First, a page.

Even after the head of the emergency services discussed with political leaders in parliament on Wednesday (10 June), most parties were against a prolongation of the state of alert at national level and are asking for a solution for the most affected regions.

On Tuesday (9 June), the head of the emergency services said that while restrictions will be lifted on 15 June, people will not be returning to their pre-COVID normal life.

Raed Arafat, the head of the emergency situation department, said the pandemic situation is not stable, there are still some outbreaks, and there were days with increases in the number of new cases, and a decision on prolonging the state of alert will be made at the end of the week.

Days after some restrictions were lifted, the number of daily new COVID-19 infections went up to 283 on 4 June. Authorities warned the population to continue respecting social distancing and hygiene measures. On 10 June, there were 196 new cases in the last 24 hours.

Continued easing of restrictions

The Romanian government decided on 28 May evening to lift a new batch of restrictions as of 1 June.

Not only will sports competitions resume but without spectators, cultural events, shows and concerts can also be organised as long as they are outdoors, with a maximum of 500 people in attendance. Attendees will also have to be seated, two metres apart and wearing masks.

As people will be able to freely travel between localities, outdoor terraces and beaches may also be opened as of 1 June, but social distancing measures stay in place.

On 24 May, Secretary of State for Health, Horatiu Moldovan, said that the country will test about 30,000 people to check the population immunity to the new coronavirus after the peak of the epidemic.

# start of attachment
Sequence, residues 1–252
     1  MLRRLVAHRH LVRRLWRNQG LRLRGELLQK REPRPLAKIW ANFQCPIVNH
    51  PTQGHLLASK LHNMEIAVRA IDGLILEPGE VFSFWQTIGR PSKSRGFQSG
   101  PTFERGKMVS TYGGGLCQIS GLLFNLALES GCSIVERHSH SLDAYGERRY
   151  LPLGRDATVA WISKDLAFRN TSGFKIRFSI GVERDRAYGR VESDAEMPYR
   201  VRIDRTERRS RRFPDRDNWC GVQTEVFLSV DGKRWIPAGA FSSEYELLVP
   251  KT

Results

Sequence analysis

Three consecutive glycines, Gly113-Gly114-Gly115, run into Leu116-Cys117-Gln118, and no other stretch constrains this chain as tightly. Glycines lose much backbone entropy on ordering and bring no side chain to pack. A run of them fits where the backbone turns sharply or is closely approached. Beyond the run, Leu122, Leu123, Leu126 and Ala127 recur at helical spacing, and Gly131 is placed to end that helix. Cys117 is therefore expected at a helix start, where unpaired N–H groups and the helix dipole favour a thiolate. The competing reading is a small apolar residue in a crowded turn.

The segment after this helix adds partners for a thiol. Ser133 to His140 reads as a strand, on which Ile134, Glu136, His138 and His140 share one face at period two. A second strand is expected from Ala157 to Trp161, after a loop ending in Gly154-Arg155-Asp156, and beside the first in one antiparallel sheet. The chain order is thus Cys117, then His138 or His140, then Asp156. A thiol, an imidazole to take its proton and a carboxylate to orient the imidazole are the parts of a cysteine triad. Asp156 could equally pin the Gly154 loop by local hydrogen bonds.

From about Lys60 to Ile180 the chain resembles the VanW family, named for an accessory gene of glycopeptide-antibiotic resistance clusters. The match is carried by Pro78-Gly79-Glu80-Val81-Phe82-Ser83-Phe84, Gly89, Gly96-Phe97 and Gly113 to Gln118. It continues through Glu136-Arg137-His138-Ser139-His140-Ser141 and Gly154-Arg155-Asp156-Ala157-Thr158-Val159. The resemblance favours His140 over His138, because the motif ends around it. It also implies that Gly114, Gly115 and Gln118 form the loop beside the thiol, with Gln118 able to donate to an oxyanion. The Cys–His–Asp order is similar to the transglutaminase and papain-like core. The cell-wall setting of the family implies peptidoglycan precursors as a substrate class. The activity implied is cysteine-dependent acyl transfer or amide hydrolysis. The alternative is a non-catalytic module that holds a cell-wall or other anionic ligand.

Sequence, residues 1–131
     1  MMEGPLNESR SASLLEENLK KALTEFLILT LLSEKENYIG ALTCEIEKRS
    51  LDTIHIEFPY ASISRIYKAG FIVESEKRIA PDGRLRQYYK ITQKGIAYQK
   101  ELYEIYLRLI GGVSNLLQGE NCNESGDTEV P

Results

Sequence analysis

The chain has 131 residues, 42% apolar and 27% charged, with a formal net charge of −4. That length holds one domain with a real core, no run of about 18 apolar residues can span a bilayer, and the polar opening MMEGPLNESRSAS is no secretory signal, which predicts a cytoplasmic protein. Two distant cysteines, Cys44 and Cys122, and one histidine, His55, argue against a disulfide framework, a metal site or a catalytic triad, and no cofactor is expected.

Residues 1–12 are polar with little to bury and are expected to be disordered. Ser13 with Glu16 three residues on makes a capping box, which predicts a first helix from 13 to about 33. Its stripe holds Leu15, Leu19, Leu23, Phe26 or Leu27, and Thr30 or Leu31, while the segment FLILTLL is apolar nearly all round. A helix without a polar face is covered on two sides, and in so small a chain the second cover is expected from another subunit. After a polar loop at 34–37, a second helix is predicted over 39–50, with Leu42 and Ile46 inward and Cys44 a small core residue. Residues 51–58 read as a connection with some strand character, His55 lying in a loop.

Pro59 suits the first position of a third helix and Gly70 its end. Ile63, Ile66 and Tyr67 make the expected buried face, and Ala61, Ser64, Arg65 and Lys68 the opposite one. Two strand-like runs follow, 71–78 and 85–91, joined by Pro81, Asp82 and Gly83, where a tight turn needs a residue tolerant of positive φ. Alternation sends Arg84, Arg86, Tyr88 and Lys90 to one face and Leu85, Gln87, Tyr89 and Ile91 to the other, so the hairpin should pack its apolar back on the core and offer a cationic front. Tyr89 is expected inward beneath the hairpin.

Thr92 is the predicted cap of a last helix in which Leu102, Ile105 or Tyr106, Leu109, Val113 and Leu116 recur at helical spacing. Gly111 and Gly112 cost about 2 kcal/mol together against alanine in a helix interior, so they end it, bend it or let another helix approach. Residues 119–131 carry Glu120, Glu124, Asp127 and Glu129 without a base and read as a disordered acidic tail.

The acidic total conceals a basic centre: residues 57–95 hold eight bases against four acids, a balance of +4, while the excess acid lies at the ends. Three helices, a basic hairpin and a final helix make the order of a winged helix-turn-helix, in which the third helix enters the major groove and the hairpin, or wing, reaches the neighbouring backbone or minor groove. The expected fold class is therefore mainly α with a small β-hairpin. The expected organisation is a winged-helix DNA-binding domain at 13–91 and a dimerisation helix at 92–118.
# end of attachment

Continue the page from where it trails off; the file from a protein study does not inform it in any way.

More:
Moldovan said Romania reached a high enough testing capacity – of between 9,000 and 11,000 tests per day – adding there is no need for more than 15,000 tests in a day. Since the debut of the COVID-19 epidemic, around 368,500 tests were performed in Romania.

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Romania switches from state of emergency to ‘state of alert’

As of 15 May, Romania has been under a state of alert, which replaced the state of emergency after two months, with fewer restrictions, but the media has already reported many cases of ignoring the rules.

However, Romania switching to a state of alert may have been illegally enforced, because of the procedural gap between the last day of the state of emergency on 14 May and the state of alert enforcement date of 18 May.

On 9 May, however, the government published the rules to be observed after 15 May, during the first phase of lifting restrictions.

During that phase, not only will wearing protection masks become mandatory in all closed public spaces and on public transport, but hotels will be able to reopen as long as their restaurants, cafes, playgrounds and fitness centres remain closed. Hotels will still be allowed to serve food as part of room service, however.

Besides, it was also decided that hairdressers, barbershops and dentist offices could open as long as they observe special disinfection procedures and only let patients and customers enter with an appointment.

Life after lockdown 

In April, President Klaus Iohannis told journalists that even after measures are lifted, life will not return to pre-COVID norms.